"All the dogs want to kill me" is the plaintive plea of former mail carrier Ryan Bradford, who logged snapshots of dogs lurking on his postal route a few years ago. The public was much amused by the photos and he made the circuit of morning news shows. But despite the humor, occupational dog bites aren't a particularly amusing prospect to the postal workers, delivery people, police and firefighters, outdoor workers, and home service providers who have to contend with the reality every day.
This week is National Dog Bite Awareness Week, and the Postal Service is at the forefront of trying to raise awareness about this issue. Every year, about 800,000 dog bites are treated in emergency rooms - and the vast majority of the bite victims are children, followed by seniors. Work-related dog bites are also a significant injury problem - letter carriers and postal workers are third on the victim list. Last year, 5,577 postal employees were attacked in more than 1,400 cities - resulting in a nearly $1.2 million price tag.
A worker who is bitten by a dog in the course and scope of employment would likely be eligible for workers comp, but the insurer may subrogate (file against a third party) to recoup losses, which can be substantial. The Postal Service will hold pet owners liable for medical expenses and other costs. With some exceptions, most homeowners and rental policies will cover dog bites up to the limits of liability coverage (generally $100,000 to $300,000). An analysis of homeowners insurance data by the Insurance Information Institute found that the average cost paid out for dog bite claims was $29,396 in 2011, up 12.3 percent from $26,166 in 2010. In fact, dog bites accounted for more than one-third of all homeowners insurance liability claims paid out in 2011, costing nearly $479 million.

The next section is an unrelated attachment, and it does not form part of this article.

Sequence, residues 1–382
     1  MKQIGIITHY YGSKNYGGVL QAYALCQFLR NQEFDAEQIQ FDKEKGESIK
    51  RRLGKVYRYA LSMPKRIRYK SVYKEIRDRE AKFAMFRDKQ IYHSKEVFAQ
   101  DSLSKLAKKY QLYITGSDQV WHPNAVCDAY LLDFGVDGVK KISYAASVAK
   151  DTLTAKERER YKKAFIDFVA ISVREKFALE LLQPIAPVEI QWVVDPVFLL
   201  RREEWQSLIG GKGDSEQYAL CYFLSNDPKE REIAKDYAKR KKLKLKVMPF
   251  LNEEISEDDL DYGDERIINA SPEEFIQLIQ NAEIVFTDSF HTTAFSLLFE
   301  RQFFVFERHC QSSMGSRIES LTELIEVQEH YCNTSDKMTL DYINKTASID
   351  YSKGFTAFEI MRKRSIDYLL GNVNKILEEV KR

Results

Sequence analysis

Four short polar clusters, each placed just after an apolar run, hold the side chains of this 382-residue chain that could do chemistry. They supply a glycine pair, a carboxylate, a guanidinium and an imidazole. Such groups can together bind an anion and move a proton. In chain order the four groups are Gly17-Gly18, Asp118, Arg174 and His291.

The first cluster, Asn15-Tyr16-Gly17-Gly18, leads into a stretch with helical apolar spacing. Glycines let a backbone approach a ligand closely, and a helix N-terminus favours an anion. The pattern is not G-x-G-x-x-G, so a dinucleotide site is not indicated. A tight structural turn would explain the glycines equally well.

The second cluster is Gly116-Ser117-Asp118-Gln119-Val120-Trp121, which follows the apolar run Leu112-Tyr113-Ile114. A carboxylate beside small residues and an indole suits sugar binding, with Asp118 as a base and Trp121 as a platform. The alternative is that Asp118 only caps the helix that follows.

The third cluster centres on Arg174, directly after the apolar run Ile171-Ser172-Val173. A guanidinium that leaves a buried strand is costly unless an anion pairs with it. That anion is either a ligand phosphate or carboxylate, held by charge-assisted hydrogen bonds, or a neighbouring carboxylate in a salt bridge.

Bite Prevention Tips from the Pros
We searched everything from animal trainer and vet sites to letter carrier message boards to amass some bite prevention best practices for workers whose jobs expose them to dogs:
- Be aware of your surroundings and anticipate so you aren't caught by surprise. Be aware that dogs are protecting their master's territory. Don't approach strange dogs and try to avoid startling sleeping or eating dogs.
- Carry something to keep between you and the animal. Some suggest a dog stick, others suggest an umbrella which can be opened, and some letter carriers use their bag to hold between them or to throw down as a distraction. Consider protective clothing such as padding, footwear or gloves.
- Many postal workers are required to carry dog spray. If you carry a spray, attach it to a belt or bag with short bungee cord to offer quick access and to ensure you don't lose or drop it.
- Pepper spray or mace should be a last resort. Sprays may not stop all dogs and can also pose a blow-back risk when used in windy conditions. Also, sprays require care if other people are around.
- Be careful with door slots. Postal worker message boards hold many stories of close calls to fingers and tugs of war with dogs on the opposite side doors. Some frustrated workers say they feed these aggressive dogs the most important looking mail first!
- While many pet lovers suggest that delivery persons carry dog treats to tame savage beasts, this is neither practical nor wise. It is also against the work policies of many organizations.
- Do not run from an aggressive dog. Easier said than done, but you do not want to be perceived as prey because most dogs will give chase. Stay still and avoid eye contact.
- If attacked, stay as still and calm as possible and do not fight back, which may increase the dog's agitation. If pushed to the ground, cover your ears and lie still. If bitten, push into the dog's mouth instead of pulling away.
- CDC: Dog Bite Prevention
- USPS: 2011 brochure with tips for dog owners and delivery workers (PDF)
- OSHA: Avoiding Animal Bites (PDF)
- UMN: Dog Bite Injuries and Fatalities
- Learn to Speak Dog
- Bulli Ray's Occupational Dog Bite Safety, which includes some safety products, including a dog bite sticks and batons.